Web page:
“The nice thing about the sustainable approach, or organic approach or even biodynamic approach, the one thing about all of those is that there’s some certification behind them that’s calling them to be more astute farmers and as a result also deliver better products,” said Skinkis. So a pinot will taste like a pinot because of genetics and climate but good practices can determine a better product.
Tyee Cellars does not have a LIVE certification but it is certified Salmon Safe, which inspects non-vineyard crop and landscaping. It certifies that the farm does not have run-off, that it provides riparian buffers and that the waterways on the property are healthy. Buchanan Benson said her father certified the farm years ago because of his passion for conservation and the desire to protect the riparian habitat. The farm also has several hundred acres in a conservation easement held by NRCS. Like many farmers, she fell in love with the land and wanted to continue working it and pass it on to the next generation. Tyee’s acreage reflects the family’s love of nature. Trails wind through giant oaks and a beaver pond and two creeks provide high quality riparian habitat.
They grow grapes using organic methods that are perfectly suited for the climate, like pinot noir, chardonnay and Gewurztraminer. This is one part of the farm’s sustainability plan. “Our intention is to have this business last for many more generations. So part of keeping it sustainable for us is keeping it small and manageable, keeping it a place where we still want to live and still want to work,” she said.
She also notes that one of their best assets is the deep Willamette soil. To protect it, they keep a cover crop of flowers and legumes year-round. Tyee is also a solar-powered farm and like most Willamette Valley vineyards, it uses little irrigation. Buchanan Benson said that when a vineyard is managed sustainably, it shows in the wine.
“We can harvest exactly when we want to, bringing it into the winery when it is perfectly ripe,” she said. “It makes it easier to make a higher quality wine. It is more hand-crafted, more hands-on, more traditional, too.”
When the grapes she produces are high quality, she can let their flavor take center stage and not have to add anything to her wine. But she doesn’t think consumer demand is quite there yet for organic or locally produced wine. She wishes that the consumers who prioritize local or organic meat, produce, and dairy would do the same for wine.
“There’s not a huge value, unfortunately, placed on local when it comes to wine.”
Organic wines get shelved separately, so a consumer would have to search out the organic section instead of seeing an organic pinot noir shelved with all the other reds. She argues that locally produced wine’s taste represents our local environment without the additives or mixed batches of imports. If we are good stewards of our local soil and water and air, shouldn’t we taste that when we drink local wine? Buchanan Benson thinks so.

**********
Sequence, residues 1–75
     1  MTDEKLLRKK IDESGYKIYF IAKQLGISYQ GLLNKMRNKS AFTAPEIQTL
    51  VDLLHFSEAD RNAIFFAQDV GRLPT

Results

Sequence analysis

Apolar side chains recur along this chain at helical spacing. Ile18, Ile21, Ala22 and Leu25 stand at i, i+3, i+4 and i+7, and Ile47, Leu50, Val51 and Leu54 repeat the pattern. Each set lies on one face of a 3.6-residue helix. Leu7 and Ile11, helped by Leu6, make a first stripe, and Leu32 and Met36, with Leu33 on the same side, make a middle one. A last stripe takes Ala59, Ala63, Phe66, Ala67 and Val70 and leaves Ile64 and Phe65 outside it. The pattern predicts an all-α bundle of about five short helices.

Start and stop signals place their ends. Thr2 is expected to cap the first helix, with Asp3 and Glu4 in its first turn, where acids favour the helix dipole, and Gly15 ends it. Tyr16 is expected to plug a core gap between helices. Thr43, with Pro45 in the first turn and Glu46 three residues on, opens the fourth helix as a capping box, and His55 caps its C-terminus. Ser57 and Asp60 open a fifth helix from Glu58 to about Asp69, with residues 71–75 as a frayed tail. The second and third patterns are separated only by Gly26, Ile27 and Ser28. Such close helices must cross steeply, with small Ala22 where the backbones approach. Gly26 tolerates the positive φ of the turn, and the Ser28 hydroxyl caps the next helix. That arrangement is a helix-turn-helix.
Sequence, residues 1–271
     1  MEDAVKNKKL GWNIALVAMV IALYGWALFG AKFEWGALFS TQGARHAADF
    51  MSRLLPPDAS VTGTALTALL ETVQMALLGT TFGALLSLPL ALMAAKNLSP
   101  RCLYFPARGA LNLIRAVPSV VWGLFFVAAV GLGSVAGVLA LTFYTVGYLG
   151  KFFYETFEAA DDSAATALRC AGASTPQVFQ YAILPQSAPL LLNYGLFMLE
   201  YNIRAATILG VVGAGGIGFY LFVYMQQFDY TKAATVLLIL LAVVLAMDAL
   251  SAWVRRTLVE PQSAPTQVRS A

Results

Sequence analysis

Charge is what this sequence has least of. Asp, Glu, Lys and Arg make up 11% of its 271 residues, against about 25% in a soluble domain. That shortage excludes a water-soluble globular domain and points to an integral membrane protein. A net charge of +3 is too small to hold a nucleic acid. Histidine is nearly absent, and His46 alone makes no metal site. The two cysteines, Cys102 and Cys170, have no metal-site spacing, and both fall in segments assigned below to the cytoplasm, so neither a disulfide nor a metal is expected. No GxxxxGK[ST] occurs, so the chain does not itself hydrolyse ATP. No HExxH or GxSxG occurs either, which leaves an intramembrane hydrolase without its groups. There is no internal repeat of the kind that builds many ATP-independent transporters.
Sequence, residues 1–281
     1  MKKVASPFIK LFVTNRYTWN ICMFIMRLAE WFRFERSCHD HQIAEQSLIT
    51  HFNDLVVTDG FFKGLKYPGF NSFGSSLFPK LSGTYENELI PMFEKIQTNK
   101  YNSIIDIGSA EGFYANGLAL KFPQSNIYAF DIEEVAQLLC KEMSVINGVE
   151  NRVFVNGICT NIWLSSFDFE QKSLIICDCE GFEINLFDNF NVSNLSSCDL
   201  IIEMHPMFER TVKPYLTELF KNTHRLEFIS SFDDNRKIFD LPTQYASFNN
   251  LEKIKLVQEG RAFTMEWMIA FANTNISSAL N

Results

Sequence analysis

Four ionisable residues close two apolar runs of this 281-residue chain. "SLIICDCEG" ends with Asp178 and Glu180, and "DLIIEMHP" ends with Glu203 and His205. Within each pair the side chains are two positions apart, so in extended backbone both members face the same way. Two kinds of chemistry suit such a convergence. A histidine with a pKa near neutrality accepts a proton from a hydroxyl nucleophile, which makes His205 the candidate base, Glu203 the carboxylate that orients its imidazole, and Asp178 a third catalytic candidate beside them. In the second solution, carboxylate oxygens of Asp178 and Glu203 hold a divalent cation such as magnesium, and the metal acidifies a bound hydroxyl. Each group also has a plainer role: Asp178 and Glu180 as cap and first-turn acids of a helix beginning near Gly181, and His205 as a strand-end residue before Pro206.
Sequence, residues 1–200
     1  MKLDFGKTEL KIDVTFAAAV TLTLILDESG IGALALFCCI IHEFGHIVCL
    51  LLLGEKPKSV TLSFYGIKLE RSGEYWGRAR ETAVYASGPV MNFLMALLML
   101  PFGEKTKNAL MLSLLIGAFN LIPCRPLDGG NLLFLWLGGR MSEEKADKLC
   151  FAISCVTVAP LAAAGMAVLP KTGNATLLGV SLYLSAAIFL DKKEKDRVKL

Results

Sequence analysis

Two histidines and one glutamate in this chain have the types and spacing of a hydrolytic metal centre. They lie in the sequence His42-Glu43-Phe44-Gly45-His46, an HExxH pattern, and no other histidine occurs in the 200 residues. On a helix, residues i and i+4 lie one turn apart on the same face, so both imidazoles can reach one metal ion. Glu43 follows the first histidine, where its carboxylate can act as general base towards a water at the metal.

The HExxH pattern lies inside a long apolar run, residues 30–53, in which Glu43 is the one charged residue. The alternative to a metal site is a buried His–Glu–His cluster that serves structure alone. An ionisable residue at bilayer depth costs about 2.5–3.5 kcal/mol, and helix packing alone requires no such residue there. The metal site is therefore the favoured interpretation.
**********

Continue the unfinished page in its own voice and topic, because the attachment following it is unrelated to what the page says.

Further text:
Patty Skinkis pauses when I ask about a difference in taste. “That’s a big jump between managing and tasting the difference. From a standpoint of in theory, if you design a vineyard to be sustainable, be a healthy vineyard, it’s always going to be a better product. From the standpoint of just being a good farmer, being a good steward of agriculture, you’re going to do things that produce a better end-product.”
“Sustainable farming seems to make all the difference in the world, I think, and it’s really very economical. You do have to be a little creative to try and find the right balance,” Buchanan Benson notes. But “It’s very economical to be an ecological farmer.”
Like most industries, the consumer holds more power than they might know. Demanding wines that are certified by LIVE or Salmon-Safe could push more wineries to adopt sustainable practices. Consumers also have the power to contribute to a sustainable local industry by supporting Willamette Valley famers who sell grapes or produce estate wines. Buying direct from a winery that reduces inputs and stewards the land ensures that these practices continue well in to the future. It’s special that we are able to enjoy boutique wines produced in our backyards that are not available outside of Oregon. And Oregon has a reputation for being progressive in its wine making.
As Chris Serra notes, “we like to think of Oregon and the Northwest as being in the vanguard of sustainable viticulture. Other regions and states have been chasing after that title.”
If sustainability becomes the norm in the Willamette Valley, perhaps the need for subsections of wine classed by growing practices will become obsolete. This would mean a better product for the buyer and more incentive for the grower.
“Often times, I think what’s conventional anymore? What’s becoming mainstream is sustainable approaches and partially because it’s logical. It’s logical from the business perspective and also from the environmental perspective,” said Skinkis.
Many local farmers practice sustainability because they have to be in order to conserve resources and keep the land productive. Benson Buchanan clearly loves where she grew up and she wants to make sure others are able to enjoy it, as well.
“Part of sustainable is definitely something you can continue to do year after year. It keeps us as a family on the farm generation after generation, and it allows new possibilities for the future.”
By Bridget Egan